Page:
ONTAP Discussions

access mount path from windows and linux

adakatsu
684 Views

Hi

I expect to access NetApp storage volumes from Windows and Linux.
Therefore, for the created Volume "Vol1"
I want to access "/Vol1" from Windows and "/mnt/Vol1" from Linux.
Would you please teach me how to do that?


I thought about setting Junction-path, unmounted Vol1, and then
When I try to change Junction-path from Vol1 to /mnt/Vol1, I get the following error:
"Error: command failed: Failed to create or determine if a junction exists within volume" svm_root ".
Error occurred with the remaining junction path of "/mnt/Vol1" for the given path of "/mnt/Vol1"
Reason: Junction create failed (2) "

I also created a volume called mnt and set it to the junction path of mnt.
Then, I was able to set "/mnt/Vol1" to the Junction Pass of "Vol1".
Then, I was able to mount it on "/mnt/Vol1" from Linux, but I couldn't access anything from Windows.

thanks

1 ACCEPTED SOLUTION

parisi
642 Views

You can't have two different junction paths. 

 

Why do you need to have the path be /mnt/vol1? What's the use case for that? In NFS, all you'd need to do is mount with the following command:

 

#mkdir /mnt/vol1

# mount ontap:/vol1 /mnt/vol1 

 

And then your client would access the storage from /mnt/vol1.

 

The reason you can't simply make /mnt/vol1 the junction path is that /mnt has to exist in ONTAP's namespace. When you created the volume with /mnt as the path, that allowed you to mount to that path within ONTAP.

 

The reason the SMB share failed after that is you likely didn't create a share with /mnt/vol1 as the path. 

 

But ultimately it shouldn't matter what the path is inside ONTAP; what matters is what the client is presented.

 

For SMB, it would be \\ontap\sharename regardless of which path that share points to in ONTAP.

 

For NFS, it would be /vol1 or /mnt/vol1. But it doesn't make sense to create the junction path /mnt/vol1 when you can just create that path on the client if you need that specific path.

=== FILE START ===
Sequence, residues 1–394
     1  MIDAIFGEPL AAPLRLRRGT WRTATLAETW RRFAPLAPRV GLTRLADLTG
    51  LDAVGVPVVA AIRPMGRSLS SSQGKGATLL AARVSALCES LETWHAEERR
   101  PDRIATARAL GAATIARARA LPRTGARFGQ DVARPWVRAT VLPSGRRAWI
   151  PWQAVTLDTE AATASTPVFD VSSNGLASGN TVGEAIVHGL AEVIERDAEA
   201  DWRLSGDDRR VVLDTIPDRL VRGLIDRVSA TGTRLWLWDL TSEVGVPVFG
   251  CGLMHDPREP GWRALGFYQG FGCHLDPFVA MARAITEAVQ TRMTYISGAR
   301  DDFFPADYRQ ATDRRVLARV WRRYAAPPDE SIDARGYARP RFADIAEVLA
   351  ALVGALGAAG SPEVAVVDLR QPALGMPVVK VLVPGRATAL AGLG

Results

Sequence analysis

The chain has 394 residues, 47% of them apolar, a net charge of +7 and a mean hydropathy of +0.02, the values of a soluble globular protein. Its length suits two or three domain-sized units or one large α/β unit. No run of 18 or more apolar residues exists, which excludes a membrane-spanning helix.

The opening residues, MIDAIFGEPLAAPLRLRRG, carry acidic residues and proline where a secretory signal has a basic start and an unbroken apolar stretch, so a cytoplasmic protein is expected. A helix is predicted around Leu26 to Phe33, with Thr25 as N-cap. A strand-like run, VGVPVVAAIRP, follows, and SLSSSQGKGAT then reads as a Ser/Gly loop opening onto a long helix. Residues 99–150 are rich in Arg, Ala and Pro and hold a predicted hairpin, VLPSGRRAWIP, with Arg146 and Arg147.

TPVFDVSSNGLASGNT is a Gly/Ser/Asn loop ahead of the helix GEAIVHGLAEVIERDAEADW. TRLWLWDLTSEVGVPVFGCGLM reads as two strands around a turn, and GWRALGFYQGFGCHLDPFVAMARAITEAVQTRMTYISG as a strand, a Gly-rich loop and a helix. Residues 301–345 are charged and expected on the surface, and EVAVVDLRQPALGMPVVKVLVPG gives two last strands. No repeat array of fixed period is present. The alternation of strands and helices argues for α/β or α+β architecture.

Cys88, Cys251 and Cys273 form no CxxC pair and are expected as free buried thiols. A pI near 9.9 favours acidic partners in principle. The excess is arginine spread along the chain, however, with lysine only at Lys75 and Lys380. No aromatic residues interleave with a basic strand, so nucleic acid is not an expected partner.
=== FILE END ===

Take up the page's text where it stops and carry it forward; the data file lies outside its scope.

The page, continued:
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3 REPLIES 3

parisi
643 Views

You can't have two different junction paths. 

 

Why do you need to have the path be /mnt/vol1? What's the use case for that? In NFS, all you'd need to do is mount with the following command:

 

#mkdir /mnt/vol1

# mount ontap:/vol1 /mnt/vol1 

 

And then your client would access the storage from /mnt/vol1.

 

The reason you can't simply make /mnt/vol1 the junction path is that /mnt has to exist in ONTAP's namespace. When you created the volume with /mnt as the path, that allowed you to mount to that path within ONTAP.

 

The reason the SMB share failed after that is you likely didn't create a share with /mnt/vol1 as the path. 

 

But ultimately it shouldn't matter what the path is inside ONTAP; what matters is what the client is presented.

 

For SMB, it would be \\ontap\sharename regardless of which path that share points to in ONTAP.

 

For NFS, it would be /vol1 or /mnt/vol1. But it doesn't make sense to create the junction path /mnt/vol1 when you can just create that path on the client if you need that specific path.

DarrenJ
522 Views

Reverett
512 Views

To be able to have both unix and cifs users access you will need to setup usermapping one way to do this is described in the document below:

 

https://docs.netapp.com/us-en/ontap-sm-classic/nas-multiprotocol-config/task_mapping_unix_windows_user_names.html

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